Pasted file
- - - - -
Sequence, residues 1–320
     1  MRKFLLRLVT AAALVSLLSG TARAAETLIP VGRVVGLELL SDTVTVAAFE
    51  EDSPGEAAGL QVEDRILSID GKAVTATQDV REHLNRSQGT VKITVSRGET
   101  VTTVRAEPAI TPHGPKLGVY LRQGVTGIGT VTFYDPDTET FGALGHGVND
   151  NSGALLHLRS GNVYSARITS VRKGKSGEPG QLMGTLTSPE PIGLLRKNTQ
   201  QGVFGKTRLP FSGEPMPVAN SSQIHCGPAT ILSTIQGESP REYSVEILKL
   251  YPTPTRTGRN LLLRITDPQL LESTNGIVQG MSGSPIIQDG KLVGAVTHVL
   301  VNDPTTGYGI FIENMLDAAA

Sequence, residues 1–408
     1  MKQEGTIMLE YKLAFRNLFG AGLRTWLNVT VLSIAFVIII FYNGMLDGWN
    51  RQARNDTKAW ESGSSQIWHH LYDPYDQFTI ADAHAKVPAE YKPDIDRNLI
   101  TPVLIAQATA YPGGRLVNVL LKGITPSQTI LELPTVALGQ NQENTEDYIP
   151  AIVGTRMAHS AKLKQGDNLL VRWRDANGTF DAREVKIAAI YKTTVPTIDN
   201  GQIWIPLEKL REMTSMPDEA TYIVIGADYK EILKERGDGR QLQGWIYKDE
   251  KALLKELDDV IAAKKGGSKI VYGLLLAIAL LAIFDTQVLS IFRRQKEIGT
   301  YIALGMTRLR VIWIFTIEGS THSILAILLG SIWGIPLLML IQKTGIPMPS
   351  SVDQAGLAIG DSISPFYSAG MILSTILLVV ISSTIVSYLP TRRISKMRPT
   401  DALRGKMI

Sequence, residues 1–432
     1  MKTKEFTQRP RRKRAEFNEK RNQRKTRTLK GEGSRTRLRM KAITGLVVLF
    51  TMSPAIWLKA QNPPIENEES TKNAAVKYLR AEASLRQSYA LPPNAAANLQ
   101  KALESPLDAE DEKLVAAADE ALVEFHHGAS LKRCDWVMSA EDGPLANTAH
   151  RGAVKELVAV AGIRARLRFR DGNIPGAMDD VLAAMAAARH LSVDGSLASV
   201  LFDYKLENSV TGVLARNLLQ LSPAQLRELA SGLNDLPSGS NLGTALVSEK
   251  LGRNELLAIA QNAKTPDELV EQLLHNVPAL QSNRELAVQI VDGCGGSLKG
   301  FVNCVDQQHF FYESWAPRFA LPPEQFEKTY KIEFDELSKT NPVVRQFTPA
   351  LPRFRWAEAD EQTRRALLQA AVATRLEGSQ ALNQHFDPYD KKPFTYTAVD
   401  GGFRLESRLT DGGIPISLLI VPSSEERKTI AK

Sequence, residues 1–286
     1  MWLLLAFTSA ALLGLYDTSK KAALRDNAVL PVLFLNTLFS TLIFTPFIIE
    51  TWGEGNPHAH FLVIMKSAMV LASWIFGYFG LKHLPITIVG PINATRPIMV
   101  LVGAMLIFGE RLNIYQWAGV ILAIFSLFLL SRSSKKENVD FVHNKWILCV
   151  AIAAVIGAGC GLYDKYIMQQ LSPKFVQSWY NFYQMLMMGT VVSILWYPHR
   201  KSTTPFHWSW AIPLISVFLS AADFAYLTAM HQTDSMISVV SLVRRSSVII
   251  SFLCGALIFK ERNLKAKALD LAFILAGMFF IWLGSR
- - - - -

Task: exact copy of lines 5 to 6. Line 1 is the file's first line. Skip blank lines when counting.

   151  NSGALLHLRS GNVYSARITS VRKGKSGEPG QLMGTLTSPE PIGLLRKNTQ
   201  QGVFGKTRLP FSGEPMPVAN SSQIHCGPAT ILSTIQGESP REYSVEILKL